Bancor [BNT] hack aftermath: are centralized security measures the future?

Bancor recently suffered a hack which resulted in $23,5 million USD worth of Ethereum [ETH], Bancor Network Token [BNT] and Pundi X [NPXS] being stolen from its wallets. The Bancor project was kept under lockdown for more than a day after a compromised wallet took advantage of their smart contract. The project went back live with the following update being posted on their social media:

“We are happy to announce that the Bancor Network is back online. We will gradually be adding tokens back to the network beginning with the BNT / ETH converter.”

The community was relieved, for the most part, thanking Bancor for their swift and strong response which prevented any further funds being lost. Their web app was taken down for maintenance a just a day later, causing new discomfort for the customers, but soon went back online.

Bancor stated that no users have been hacked and users were able to access their private wallets and transfer their funds at any time during the attack on Bancor and the subsequent maintenance period. The hack targeted an exploit in the so-called “Bancor collector balance,” exchange’s reserve wallet. This allowed the hacker to mint $10 million’s worth of new BNT tokens and steal them.

Bancor network had pre-installed safety measures which allowed them to freeze these funds and safely return them from the thief wallet. While most people remained faithful to the project, critics began to re-emerge and call out the company’s security measures.

Yo Sub Kwon, founder and CEO of smart contract security firm Hosho, believes Bancor did not take all precautions:

“From the fact that Bancor claims a wallet was hacked and then was able to steal from a smart contract exploits a weakness that has always existed with their smart contracts. That weakness is how far-reaching a single wallet has been allowed to be. Their smart contracts allow for nearly unlimited control to the owners and apparently their ability to protect their wallets is inadequate,” Kwon commented in an e-mail statement to Cryptovest. He concluded his thoughts by saying:

“Any large source of funds or access to powerful smart contracts should at the minimum be using multi-signature verification.” 

At the same time, Tone Vays, the famous Bitcoin maximalist, commented on the centralization issues with Bancor that this hack (and the way the funds were partially recovered) exposed:

“Another ICO #scam – $BNT has just proved:

A: Their Token/Code is Centralized

B: They have incompotent Dev team

C: Pretending to be Decentralized will open you up to hacks w/ 0 upside (besides scamming unqualified investors)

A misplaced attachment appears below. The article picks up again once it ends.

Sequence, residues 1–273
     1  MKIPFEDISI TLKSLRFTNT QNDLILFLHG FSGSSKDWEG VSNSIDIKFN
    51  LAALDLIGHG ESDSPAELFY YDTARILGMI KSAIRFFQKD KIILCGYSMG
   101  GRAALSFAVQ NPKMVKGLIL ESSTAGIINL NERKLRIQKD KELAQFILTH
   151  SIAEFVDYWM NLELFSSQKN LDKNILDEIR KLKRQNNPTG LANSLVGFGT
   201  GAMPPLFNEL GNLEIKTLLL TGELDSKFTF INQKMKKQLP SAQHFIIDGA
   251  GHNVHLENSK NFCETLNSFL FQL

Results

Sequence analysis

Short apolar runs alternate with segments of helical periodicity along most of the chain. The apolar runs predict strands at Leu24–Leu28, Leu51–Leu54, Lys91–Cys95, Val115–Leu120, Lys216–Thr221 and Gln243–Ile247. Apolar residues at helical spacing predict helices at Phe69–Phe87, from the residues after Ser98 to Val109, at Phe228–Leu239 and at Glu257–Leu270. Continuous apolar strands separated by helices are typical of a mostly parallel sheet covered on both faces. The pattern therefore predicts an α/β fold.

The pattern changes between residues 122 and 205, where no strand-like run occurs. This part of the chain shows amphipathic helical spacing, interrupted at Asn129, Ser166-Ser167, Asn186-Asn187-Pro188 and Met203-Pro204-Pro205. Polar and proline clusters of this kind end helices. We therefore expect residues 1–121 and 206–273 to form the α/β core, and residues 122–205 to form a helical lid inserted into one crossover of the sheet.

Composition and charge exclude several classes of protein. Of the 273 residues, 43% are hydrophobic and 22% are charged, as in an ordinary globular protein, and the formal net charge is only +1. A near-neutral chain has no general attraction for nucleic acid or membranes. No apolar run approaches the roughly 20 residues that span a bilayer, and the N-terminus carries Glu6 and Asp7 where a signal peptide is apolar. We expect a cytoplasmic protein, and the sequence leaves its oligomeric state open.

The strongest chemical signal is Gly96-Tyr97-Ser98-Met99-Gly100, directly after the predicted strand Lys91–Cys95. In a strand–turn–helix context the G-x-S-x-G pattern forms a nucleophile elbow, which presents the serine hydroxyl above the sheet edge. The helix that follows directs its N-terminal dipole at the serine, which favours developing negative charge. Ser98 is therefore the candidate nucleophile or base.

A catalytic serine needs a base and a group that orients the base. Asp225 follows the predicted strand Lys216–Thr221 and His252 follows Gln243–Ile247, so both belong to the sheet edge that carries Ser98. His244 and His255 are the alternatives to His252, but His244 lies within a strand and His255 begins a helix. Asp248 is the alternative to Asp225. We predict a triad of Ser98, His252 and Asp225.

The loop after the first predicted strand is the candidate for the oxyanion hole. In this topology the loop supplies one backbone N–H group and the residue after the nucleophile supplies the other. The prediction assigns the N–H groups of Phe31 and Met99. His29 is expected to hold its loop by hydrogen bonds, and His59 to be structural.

D: #Ethereum itself is a joke.”

He later on proceeded to trash the project further: “Users funds aren’t safe. The stolen 25,000 ETH belong to BNT holders. They were stolen from a reserve managed by a smart contract to fund BNT liquidity, and they were put there by BNT token buyers.”

Bancor reacted to these accusations by remaining faithful to their semi-centralized methods and safety measures.

“We firmly believe that this ability is a preventative measure essential to most tokens and necessary to protect the network and token holders in a state of emergency,” said an official statement made by the project. At the same time, they encouraged other projects to implement protective measures of their own which will safeguard their communities and the industry as a whole.

Latest update from Bancor suggests that they will be actively seeking to create a safer environment for everyone invested in the world of crypto:

“As a first step following the recent reactivation of the network, Bancor is creating a coalition of crypto defenders who will pledge to contribute resources and capabilities to fight criminals together. Members will collaborate on mechanisms to warn and assist each other in times of peril, coordinate around shared blacklists, and contribute open-source tools aimed at creating a safer world for all stakeholders.”

The company also announced that they will be opening their own internal software tools designed to track stolen funds in real time to the general public, thus motivating other projects and communities to at least think about implementing similar measures. The community seemed receptive, as a Reddit user Axolotl_404 said:

“Mainstream adoption will be a balance between security and decentralization. No mass adoption will occur if there are no security measures in place to protect users funds.”

Crypticmeg123 mirrored his feelings by saying:

“I 100% agree, Crypto will stay as a speculative magical internet money if there are no elements of Centralisation, security measures like the pause/freeze function what Bancor implemented is what the industry needs if we want the general mom & pops to adopt this brilliant innovative new technology.”

For now, the project is back online. Only future can tell if Bancor’s semi-centralized model of operating will turn out to be successful or if it will create enough weak points to bring the entire project down.

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1 Comment
  1. People keep forgetting that erc20 tokens are still in their beginning stages and that BNT is not unique in it’s pause functions. EOS, Tron, Icon, OmiseGo, Augur, Status, Aelf, Qash, and Maker are all tokens that all possess pause options. At the end of the day user funds WERE safe, and Bancor users are always in control of their private wallets.

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